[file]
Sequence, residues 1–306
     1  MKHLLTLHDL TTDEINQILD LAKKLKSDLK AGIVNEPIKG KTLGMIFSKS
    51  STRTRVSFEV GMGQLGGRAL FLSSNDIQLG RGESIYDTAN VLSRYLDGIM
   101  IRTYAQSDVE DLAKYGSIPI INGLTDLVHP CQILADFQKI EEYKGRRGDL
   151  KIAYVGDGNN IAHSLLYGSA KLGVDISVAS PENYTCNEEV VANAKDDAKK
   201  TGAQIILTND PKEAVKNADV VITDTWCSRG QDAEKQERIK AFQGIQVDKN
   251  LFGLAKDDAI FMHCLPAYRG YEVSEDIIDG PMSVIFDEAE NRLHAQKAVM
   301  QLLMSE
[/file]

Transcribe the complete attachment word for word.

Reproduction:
Sequence, residues 1–306
     1  MKHLLTLHDL TTDEINQILD LAKKLKSDLK AGIVNEPIKG KTLGMIFSKS
    51  STRTRVSFEV GMGQLGGRAL FLSSNDIQLG RGESIYDTAN VLSRYLDGIM
   101  IRTYAQSDVE DLAKYGSIPI INGLTDLVHP CQILADFQKI EEYKGRRGDL
   151  KIAYVGDGNN IAHSLLYGSA KLGVDISVAS PENYTCNEEV VANAKDDAKK
   201  TGAQIILTND PKEAVKNADV VITDTWCSRG QDAEKQERIK AFQGIQVDKN
   251  LFGLAKDDAI FMHCLPAYRG YEVSEDIIDG PMSVIFDEAE NRLHAQKAVM
   301  QLLMSE